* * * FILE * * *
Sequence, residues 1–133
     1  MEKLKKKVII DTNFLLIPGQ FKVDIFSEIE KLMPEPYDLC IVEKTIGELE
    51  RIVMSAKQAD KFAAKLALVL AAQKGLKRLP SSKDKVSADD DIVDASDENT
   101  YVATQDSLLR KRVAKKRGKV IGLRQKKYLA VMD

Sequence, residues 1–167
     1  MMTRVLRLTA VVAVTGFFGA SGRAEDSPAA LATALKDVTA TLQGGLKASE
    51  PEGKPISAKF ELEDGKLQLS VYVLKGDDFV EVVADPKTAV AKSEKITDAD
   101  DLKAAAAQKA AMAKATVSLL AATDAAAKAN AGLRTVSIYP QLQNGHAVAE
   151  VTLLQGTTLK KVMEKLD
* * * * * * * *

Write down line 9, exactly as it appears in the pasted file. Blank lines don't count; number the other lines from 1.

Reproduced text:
   151  VTLLQGTTLK KVMEKLD